Kevin Basil (signature)

To Havdala

Next article: Transparency: Better Than Annoyance
Previous article: Photos

Written by Basil on 08/19/2004 7:34 PM. Filed under:


Share    
Share with your friends and followers:
Share

I do not know whether you read my blog or not, but I do not have a Blogger account, and I do not really want one. I do, however, have my own blog.

I resonate with your doubting. When I attended an evangelical Protestant college, my friends were all the outcasts. They were all on their way out of Christianity, or at least to a not-so-conservative brand of it. In retrospect, this is ironic because my direction theologically and philosophically was somewhat opposite, with some resonating harmonies. You can see, if you read this blog, that my journey has taken me into the high-country of the most conservative of Christianities — though I have far more liberty now than ever before.

I found fellowship with the pagans because they were more interesting. They were real. If they had doubts, they didn’t hide them. (And they had better taste than the praise-chorus–lapping majority of the student body.)

That is why the struggle with doubt is something that I associate with real, honest people. I have a nagging distrust of people who have never struggled. It seems to me that some form of struggle in this arena is necessary for strength. And my own life has not been without its own struggle.

I always find it sad when I learn that someone stops struggling and decides to let the waves overwhelm them. The lack of struggle is death. I do not mean only that they become pagans; it is equally sad, perhaps more so, when the struggle chokes their spirit and they become mummified, trapped inside a religious sarcophagus — smiling, happy, and dead.

I am weeping for you, Havdala, not because you are struggling, but because the tone of your post is so desperate. I recognize that despair; I can touch my own scars and remember the pain of despair. I’ve heard that sound before, and it bodes ill. It sounds like you are about to give up. It sounds like death.

I am praying for you, that you will get enough fresh air to continue fighting. Speaking of fresh air, perhaps you should consider taking a break from all things religious, to catch your breath. Return to the struggle when you have the strength to fight.

It looks like this: any doubts, any contradictions, any wounds you have received over the course of your life — you shelve them and distract yourself instead of dealing with them. Personally, I would distract myself with beauty: walks in the woods, visits to art museums, tours of gardens and such. Beauty is very spiritual for me. The important thing is that the distraction be meaningful to you and truly distracting.

Superficially this sounds dishonest; it sounds like running from the fight. In fact, the fight continues unconsciously while you regain your strength. When you return to the struggle — because you cannot escape the struggle indefinitely — you will find issues are clearer, and you will have the strength to take on the Hydra once again.

This is ideally done in the midst of a community that is praying for you; you attend prayers as you are able, without any expectations being made of you. However, sometimes even this is too much. It also helps if you have someone with whom you can talk about these issues — a nun, a priest, or a matushka can sometimes be especially sensitive to the needs of those who struggle.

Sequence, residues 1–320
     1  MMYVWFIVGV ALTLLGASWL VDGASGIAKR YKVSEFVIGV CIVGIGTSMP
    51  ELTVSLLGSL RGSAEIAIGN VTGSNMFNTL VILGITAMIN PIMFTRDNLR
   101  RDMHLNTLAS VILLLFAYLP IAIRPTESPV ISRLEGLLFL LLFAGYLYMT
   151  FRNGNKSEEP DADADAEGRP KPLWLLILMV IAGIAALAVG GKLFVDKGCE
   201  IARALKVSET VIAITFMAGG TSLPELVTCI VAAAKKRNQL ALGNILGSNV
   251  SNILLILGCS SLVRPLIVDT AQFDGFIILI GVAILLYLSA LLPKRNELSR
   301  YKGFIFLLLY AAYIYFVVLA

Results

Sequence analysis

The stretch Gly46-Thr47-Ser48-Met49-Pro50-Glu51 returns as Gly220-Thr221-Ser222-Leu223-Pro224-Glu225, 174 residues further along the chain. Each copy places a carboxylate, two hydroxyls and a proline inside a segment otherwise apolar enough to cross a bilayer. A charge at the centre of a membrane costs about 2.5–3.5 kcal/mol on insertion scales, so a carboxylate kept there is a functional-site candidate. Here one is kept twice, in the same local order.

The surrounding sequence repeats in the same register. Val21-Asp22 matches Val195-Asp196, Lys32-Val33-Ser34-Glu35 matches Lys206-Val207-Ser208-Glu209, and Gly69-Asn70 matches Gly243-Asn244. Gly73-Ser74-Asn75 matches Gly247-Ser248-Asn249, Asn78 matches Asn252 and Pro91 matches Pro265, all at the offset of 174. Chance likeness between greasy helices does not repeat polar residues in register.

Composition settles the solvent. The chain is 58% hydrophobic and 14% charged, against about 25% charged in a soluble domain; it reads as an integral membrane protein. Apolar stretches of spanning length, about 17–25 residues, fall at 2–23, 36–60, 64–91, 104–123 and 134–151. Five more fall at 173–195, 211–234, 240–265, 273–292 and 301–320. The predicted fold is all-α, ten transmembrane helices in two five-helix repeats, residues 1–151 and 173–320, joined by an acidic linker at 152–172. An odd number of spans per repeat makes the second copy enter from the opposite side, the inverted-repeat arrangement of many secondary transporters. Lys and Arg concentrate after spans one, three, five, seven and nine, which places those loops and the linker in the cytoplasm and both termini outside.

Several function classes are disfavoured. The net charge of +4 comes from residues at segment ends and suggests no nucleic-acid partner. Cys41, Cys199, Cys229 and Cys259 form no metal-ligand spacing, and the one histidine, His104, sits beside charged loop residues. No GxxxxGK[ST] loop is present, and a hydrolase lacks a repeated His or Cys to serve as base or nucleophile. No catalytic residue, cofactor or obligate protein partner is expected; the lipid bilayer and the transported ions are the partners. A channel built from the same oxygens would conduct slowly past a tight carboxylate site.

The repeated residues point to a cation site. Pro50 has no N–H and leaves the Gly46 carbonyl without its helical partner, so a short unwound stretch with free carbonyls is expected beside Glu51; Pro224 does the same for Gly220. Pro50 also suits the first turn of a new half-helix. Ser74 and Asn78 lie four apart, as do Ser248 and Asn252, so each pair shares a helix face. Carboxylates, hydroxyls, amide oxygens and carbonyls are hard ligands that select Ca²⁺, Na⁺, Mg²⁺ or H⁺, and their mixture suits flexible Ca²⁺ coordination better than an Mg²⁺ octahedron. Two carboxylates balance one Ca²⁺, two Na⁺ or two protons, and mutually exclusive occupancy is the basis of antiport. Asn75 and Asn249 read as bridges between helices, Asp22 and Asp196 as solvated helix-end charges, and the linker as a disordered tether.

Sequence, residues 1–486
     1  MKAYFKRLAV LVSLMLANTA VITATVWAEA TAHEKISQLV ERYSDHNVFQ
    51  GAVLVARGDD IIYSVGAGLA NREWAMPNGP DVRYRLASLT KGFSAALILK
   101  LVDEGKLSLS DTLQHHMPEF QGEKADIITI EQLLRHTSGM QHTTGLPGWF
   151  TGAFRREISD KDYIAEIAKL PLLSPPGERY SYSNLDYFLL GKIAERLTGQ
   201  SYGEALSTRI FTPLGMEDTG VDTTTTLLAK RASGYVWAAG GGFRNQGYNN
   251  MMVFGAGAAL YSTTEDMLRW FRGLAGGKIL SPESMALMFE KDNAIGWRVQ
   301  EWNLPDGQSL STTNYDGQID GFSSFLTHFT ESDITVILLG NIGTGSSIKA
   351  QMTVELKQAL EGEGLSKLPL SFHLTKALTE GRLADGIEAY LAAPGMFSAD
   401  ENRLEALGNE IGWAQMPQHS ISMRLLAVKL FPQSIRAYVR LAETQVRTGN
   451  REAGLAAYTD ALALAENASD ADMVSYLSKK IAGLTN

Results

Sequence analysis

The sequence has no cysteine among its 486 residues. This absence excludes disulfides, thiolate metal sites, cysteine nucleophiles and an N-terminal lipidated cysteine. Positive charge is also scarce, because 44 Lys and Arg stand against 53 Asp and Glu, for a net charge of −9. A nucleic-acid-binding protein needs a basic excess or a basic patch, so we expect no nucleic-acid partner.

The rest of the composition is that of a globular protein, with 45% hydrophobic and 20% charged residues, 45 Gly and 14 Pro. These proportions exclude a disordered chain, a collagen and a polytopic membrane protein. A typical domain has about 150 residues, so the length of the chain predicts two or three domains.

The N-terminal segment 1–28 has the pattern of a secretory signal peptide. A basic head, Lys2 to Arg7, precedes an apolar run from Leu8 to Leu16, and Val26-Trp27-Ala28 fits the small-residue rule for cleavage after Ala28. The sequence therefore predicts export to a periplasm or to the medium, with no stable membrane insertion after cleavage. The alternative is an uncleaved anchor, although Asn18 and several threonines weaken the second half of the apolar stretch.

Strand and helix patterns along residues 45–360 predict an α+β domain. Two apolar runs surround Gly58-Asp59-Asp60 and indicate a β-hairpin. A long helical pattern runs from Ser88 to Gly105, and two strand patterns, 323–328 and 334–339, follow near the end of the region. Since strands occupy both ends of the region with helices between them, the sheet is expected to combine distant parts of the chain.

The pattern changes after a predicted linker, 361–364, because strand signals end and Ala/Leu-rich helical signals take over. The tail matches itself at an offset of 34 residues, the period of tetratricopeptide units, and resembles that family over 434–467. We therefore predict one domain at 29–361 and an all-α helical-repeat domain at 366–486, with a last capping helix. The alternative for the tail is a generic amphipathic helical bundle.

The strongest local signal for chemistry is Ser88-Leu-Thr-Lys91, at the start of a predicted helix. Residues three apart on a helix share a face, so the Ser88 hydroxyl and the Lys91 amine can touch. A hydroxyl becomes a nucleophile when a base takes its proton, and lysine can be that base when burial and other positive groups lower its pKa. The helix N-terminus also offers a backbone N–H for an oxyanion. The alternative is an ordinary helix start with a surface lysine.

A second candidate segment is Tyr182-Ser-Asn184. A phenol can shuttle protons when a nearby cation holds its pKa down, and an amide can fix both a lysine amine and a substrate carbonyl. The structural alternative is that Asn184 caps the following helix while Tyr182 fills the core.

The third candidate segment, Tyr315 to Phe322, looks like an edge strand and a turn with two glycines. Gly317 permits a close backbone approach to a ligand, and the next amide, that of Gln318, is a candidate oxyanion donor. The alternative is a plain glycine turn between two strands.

Whatever you do, I am praying for you.

Keep watch, dear Lord, with those who work, or watch, or weep this night, and give your angels charge over those who sleep. Tend the sick, Lord Christ; give rest to the weary, bless the dying, soothe the suffering, pity the afflicted, shield the joyous; and all for your love’s sake. Amen.

Share with your friends and followers:
Share


Share   

The URL to trackback this post is:
http://kevinbasil.com/2004/08/19/to-havdala/trackback/

5 Responses to “To Havdala”

  1. pete Says:

    that was really neat to read. thanks for writing it.

  2. Karl Thienes Says:

    Nicely said. I hope she finds her way…

  3. Erich Says:

    I’ve personally seen the same thing happen, and I’m not saying this condescendingly. I think there is something about coming to Orthodoxy from the West that eventually forces one to question Orthodoxy very strongly as well. Perhaps the thought processes that take you away from Protestantism can’t call it quits once you “find” Orthodoxy. Orthodoxy is culturally quite different from Western religious expressions and it is difficult to “land” easily in it. From cradles, their process involves coming to terms with something with which they are often too familiar. With converts, though, it’s a radical break. It’s even a reorientation of one’s entire vocabulary. It can be difficult to stop reorienting…

  4. Dawn Says:

    I feel like I am almost exactly where she is…. I love Basil’s loving response. Very true, I think.

  5. Marguerite (Havdala) Says:

    Thank you so much for writing this, Basil, I just haven’t been checking out blogs much lately. I think you are right about taking a break, I live and work largely alone and have a tendency to live inside my head which is never a good thing. I think one of the disadvantages of being ‘cradle’ Orthodox which I am is that there can come a point where one is forced to think seriously about all the things that have been taken for granted for decades and it’s very frightening, especially when it happens all at once. I’ve been here before and I think what I’m dealing with now is a kind of flashback and you’re absolutely right – if I don’t overdo thinking about it, it will be easier. My priest (and our bishop) are very good to me but the problem is they want me to talk :-) and I would rather think and not talk and so it perpetuates itself. Thank you again.